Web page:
Caught (up) in traffic

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Air quality and road safety concerns for public transport

March 2013
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While traveling home one late afternoon, I couldn’t help but take a quick photo of a jeepney in front of me that was belching smoke while also carrying several people as sabit (hangers). Though a bit blurry, the photo still shows clearly the cloud of smoke coming out of  jeepney’s tailpipe and the three people hanging behind the vehicle. Not obvious from the photo are the speed and lateral motion of the jeepney as it traversed this section of Marcos Highway.

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This is a scene we see everyday in our streets despite initiatives or efforts to address problems pertaining to vehicle emissions and safety. The Clean Air Act while enacted more than a decade ago has not been effectively implemented for vehicles. A lot of vehicles are able to register or renew their registrations without really going through a proper emissions test (or smog test for those in the US). “Non-appearance,” the term used for people going through the motions of a test but skipping the measurement itself while getting print-outs stating the vehicle “passed” the test is prevalent throughout the country.

The Land Transportation Office (LTO) has experimented with a lot of schemes to address the problem. These includes the requirement of a photograph showing the actual performance of the emission test on the vehicle. More recent was an initiative where RFID units were supposed to be installed/attached to vehicles and these would be used to ensure that emission tests really were conducted prior to registration. However, with very few Motor Vehicle Inspection Stations (MVIS), the LTO has no choice but to delegate emission testing to private emission testing centers (PETCs). The long standing suspicion, however, is that most of these PETCs collude with vehicle owners and fixers within the LTO to maintain a status quo in “non-appearances” and non-compliance with emission regulations.

Local governments have pitched in with their mobile anti-smoke belching units (ASBUs). In Metro Manila, many cities including Quezon City, Pasig City and Makati City have multiple ASBUs allowing them to set-up several stations along roads in their jurisdictions. These are usually seen along busy roads with policemen assisting them in flagging down vehicles (mostly trucks) observed to be smokebelchers. These vehicles are tested and penalties are imposed on emission regulations violators. The equipment of these ASBUs, however, are only for diesel engines and so are operations of these mobile units are limited in scope from the start. There have also been allegations that some ASBUs have been taking advantage of erring drivers resulting in bribery so as not to be issued violation tickets and penalties.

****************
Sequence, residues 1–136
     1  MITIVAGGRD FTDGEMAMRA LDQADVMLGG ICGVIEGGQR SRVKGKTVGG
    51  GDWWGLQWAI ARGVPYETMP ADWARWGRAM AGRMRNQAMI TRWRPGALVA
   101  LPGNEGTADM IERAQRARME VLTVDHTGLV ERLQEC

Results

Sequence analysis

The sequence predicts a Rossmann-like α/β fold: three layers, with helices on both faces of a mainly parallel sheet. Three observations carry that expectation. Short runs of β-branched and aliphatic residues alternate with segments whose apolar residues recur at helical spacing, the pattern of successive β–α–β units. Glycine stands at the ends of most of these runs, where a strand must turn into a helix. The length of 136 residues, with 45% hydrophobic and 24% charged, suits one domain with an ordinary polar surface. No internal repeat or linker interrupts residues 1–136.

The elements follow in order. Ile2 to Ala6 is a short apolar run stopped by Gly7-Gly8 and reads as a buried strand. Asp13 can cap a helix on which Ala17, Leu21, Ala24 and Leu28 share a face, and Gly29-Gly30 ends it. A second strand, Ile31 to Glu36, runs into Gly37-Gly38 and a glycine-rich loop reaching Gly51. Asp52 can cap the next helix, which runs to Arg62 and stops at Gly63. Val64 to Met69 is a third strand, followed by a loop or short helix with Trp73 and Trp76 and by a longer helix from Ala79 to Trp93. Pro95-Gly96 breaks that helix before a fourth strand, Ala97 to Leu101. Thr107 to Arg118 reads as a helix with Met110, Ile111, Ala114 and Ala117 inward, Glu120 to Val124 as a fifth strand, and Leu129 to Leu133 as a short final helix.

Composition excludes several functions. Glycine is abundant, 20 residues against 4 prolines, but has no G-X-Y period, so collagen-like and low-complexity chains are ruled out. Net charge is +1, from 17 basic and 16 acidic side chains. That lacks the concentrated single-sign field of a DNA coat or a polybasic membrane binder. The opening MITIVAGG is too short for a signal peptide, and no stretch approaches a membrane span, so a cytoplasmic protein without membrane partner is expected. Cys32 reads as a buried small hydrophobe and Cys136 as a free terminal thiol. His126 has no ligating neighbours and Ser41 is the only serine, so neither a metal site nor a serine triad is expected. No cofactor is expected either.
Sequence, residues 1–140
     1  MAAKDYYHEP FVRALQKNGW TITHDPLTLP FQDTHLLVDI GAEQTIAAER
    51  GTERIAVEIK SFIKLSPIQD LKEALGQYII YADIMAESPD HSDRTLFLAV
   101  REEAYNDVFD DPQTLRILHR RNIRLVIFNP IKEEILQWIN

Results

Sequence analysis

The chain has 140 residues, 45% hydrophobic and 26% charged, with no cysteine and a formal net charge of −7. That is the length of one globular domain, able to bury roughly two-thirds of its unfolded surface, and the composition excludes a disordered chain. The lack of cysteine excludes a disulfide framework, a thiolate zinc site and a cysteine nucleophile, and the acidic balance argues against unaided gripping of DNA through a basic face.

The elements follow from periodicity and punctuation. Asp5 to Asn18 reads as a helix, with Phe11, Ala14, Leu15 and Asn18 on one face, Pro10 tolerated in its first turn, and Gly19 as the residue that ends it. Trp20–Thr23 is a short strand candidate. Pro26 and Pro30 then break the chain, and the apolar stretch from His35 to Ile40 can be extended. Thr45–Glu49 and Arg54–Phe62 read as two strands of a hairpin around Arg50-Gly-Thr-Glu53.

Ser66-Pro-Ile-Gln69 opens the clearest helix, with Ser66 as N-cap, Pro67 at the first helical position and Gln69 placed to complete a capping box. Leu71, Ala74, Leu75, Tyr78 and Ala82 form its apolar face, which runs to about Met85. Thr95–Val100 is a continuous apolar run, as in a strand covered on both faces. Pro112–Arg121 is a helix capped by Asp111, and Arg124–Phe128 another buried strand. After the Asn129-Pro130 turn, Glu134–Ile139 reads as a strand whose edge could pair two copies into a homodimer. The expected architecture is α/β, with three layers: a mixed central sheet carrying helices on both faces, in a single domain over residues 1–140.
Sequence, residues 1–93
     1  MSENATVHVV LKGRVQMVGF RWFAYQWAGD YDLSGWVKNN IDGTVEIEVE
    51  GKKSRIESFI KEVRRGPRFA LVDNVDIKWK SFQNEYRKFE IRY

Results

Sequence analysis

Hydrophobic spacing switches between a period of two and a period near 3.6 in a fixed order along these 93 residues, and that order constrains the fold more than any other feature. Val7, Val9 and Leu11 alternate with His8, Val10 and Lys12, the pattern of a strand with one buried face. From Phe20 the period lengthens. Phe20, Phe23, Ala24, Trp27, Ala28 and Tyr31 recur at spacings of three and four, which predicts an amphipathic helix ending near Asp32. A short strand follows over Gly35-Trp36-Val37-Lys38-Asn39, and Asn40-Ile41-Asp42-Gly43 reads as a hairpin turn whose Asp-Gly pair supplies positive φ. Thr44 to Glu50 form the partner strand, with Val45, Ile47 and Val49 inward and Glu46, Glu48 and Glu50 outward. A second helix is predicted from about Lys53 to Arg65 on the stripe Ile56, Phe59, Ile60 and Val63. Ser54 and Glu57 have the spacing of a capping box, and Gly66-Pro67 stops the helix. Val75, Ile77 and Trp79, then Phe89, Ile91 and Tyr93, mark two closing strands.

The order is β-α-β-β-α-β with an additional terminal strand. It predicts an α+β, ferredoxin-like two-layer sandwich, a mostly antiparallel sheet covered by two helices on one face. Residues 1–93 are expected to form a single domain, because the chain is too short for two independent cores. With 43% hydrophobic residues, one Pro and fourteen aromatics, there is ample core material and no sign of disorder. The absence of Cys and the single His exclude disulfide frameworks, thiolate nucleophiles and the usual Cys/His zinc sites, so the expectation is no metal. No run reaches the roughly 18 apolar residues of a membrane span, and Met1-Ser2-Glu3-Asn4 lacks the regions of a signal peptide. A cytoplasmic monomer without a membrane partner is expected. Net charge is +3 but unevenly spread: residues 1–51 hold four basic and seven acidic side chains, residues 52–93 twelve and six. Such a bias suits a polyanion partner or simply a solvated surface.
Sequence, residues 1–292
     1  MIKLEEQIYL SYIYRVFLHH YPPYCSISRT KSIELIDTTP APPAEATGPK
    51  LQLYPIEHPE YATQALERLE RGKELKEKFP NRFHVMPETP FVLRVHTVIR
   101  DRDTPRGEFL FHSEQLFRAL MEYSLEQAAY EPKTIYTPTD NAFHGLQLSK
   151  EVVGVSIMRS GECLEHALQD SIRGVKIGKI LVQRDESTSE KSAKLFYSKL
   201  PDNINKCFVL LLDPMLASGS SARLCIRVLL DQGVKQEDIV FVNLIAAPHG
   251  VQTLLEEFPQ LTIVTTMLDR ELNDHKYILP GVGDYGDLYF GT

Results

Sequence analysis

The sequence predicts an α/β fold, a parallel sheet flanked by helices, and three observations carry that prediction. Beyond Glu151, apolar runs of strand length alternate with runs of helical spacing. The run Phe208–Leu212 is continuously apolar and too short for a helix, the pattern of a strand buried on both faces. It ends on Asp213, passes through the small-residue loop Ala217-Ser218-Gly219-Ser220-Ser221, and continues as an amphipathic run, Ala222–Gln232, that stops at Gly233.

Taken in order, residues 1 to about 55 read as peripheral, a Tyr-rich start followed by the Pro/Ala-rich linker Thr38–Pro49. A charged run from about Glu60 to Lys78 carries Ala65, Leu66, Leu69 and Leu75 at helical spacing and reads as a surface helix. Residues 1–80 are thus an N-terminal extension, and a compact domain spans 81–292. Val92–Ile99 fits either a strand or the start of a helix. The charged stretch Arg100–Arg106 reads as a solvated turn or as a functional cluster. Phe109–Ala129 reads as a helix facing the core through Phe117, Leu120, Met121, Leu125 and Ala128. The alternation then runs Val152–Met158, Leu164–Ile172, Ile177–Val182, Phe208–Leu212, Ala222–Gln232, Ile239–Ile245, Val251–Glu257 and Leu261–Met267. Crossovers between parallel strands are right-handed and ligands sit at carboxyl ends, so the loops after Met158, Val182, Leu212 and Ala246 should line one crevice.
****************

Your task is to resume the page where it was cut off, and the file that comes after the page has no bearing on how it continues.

The bottom line for most cases of emission violations is that most violators are not properly educated about emission regulations including the requirement for them to pass emission tests at any time and not during the registration process only. This is a fact that most drivers or vehicle owners do not understand or choose not to understand, usually because of maintenance cost implications. Nevertheless, we will continue to be in the losing end of the war against air pollution if we cannot properly enforce provisions of the Clean Air Act, particularly for mobile sources that contribute most of the air pollution we experience in this country.


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